|( ‣ ) Associated production music|
|( • ) Original music|
|( ◦ ) SpongeBob music|
- Victor Cavini [title card]
‣ Aloha Oe - Hans Haider, Queen Lili'uokalani [The opening]
‣ Honolulu March - Hans Haider ["Today's the big day, Gary."]
‣ The Land is Ours - Gregor F. Narholz [SpongeBob lifts hid teddy bear weights.]
‣ Grand Orchestral Fanfare - Gregor F. Narholz [SpongeBob lift his teddy bear weights.]
‣ Honolulu March - Hans Haider ["I'm ready, I'm ready, I'm ready..."]
‣ Next Door Neighbour - Rick Cassman, Vyvyan Hope-Scott ["The Krusty Krab, home of the Krabby Patty."]
‣ The Land is Ours - Gregor F. Narholz [Patrick encourages SpongeBob.]
‣ Grand Orchestral Fanfare - Gregor F. Narholz ["Who's a big yellow cube with holes?"]
‣ Honolulu March - Hans Haider [SpongeBob runs to the Krusty Krab.]
‣ Oyster Girls - Robert Alexander White ["Permission to come aboard, captain!"]
‣ The Rake Hornpipe - Robert Alexander White [Mr. Krabs gives SpongeBob a test.]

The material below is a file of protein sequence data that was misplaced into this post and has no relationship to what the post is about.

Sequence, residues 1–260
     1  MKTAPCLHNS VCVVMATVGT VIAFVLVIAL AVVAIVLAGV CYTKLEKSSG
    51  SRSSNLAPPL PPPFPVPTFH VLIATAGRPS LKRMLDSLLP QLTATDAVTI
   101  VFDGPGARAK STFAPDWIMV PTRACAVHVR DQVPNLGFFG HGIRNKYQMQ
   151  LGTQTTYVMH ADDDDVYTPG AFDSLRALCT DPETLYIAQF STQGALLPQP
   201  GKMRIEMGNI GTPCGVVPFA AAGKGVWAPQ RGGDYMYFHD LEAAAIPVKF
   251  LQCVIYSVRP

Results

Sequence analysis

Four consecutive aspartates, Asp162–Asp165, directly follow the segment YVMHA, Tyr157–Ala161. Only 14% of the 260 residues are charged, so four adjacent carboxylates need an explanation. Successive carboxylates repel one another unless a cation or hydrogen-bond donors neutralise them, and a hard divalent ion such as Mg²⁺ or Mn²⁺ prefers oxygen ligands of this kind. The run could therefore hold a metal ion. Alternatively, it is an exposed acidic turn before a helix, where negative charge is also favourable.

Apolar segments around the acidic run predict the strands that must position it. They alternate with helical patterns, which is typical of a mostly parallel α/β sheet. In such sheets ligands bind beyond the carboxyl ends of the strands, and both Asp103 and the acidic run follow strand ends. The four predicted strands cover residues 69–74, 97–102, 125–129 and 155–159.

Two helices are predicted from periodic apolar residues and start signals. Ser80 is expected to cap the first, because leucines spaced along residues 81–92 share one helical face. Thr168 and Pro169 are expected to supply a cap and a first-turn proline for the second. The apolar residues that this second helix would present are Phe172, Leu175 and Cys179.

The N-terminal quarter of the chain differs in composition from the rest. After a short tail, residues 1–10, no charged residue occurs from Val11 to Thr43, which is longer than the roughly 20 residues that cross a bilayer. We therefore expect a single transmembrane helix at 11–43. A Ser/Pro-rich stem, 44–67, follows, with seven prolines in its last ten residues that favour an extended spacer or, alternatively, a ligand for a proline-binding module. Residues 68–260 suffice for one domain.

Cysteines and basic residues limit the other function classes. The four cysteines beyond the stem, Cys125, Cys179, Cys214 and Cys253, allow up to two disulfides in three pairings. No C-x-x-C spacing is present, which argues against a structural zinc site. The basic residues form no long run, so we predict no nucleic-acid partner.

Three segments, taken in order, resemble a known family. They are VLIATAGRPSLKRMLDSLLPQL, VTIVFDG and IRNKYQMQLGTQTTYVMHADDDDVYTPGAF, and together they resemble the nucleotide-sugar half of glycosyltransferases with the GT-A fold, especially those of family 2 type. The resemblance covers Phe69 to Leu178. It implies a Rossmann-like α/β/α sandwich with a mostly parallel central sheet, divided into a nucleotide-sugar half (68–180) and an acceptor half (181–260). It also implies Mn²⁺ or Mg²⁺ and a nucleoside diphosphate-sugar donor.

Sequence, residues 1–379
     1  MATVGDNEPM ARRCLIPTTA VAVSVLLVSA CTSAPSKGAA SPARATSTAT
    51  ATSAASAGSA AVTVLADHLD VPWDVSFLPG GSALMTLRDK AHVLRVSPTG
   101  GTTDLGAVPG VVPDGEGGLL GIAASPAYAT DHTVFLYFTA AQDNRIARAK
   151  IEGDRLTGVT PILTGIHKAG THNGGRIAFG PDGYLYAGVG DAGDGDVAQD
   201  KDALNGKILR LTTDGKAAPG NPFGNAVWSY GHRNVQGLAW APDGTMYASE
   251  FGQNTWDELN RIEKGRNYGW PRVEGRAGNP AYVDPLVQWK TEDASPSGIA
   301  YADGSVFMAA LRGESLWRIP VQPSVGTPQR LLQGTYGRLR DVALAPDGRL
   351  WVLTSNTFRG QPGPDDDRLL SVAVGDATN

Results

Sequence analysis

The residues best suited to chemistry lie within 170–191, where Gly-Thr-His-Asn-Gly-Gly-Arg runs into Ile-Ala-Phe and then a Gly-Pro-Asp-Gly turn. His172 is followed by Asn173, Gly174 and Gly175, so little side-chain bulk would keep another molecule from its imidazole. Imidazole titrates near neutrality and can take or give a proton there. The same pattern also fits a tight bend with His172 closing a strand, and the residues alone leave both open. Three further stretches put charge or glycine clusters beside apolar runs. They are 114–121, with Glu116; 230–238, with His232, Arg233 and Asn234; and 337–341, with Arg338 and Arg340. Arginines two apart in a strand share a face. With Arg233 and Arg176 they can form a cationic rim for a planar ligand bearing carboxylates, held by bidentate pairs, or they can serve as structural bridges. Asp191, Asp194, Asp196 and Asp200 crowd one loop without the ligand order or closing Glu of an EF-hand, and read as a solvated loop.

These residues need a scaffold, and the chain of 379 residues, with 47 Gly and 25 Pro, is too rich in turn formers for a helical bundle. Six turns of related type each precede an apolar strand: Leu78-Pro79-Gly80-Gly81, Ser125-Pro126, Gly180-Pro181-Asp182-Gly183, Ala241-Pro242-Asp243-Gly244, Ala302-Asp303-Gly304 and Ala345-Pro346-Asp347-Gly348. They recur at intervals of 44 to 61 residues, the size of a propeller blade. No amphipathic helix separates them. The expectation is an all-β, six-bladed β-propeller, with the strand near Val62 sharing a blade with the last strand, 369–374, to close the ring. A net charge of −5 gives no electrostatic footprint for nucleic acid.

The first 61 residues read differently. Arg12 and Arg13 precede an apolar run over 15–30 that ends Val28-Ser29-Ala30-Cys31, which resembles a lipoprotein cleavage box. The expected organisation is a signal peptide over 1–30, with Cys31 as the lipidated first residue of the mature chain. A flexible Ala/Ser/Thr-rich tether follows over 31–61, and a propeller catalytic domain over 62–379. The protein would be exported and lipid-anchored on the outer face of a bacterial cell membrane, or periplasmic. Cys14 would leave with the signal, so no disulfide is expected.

‣ Bartmania A - Guy Moon ["That sounded like hatch doors."]
‣ Menace from the Deep - Robert Cornford ["That smell... a kind of smelly smell."]
‣ Bartmania A - Guy Moon [Anchovies rush into the Krusty Krab/Anchovies pick up the boat/"All hands on deck! Get your anchors out of your pants!"]
‣ Death Trap - Gregor F. Narholz ["Batten down the hatches, Mr. Squidward!"]
‣ Bossa Cubana - Gerhard Narholz [SpongeBob shops for a hydro-dynamic spatula at Barg-'N-Mart.]
‣ Battle at Sea - Johnny Pearson ["Climb, Mr. Squidward! Climb!"]
‣ Reach for the Stars - Richard A. Harvey [SpongeBob returns.]
‣ The Main Event - Gregor F. Narholz [The hydro-dynamic spatula is revealed.]
‣ Living in the Sunlight, Loving in the Moonlight - Tiny Tim [Montage of SpongeBob making Krabby Patties/Ending.]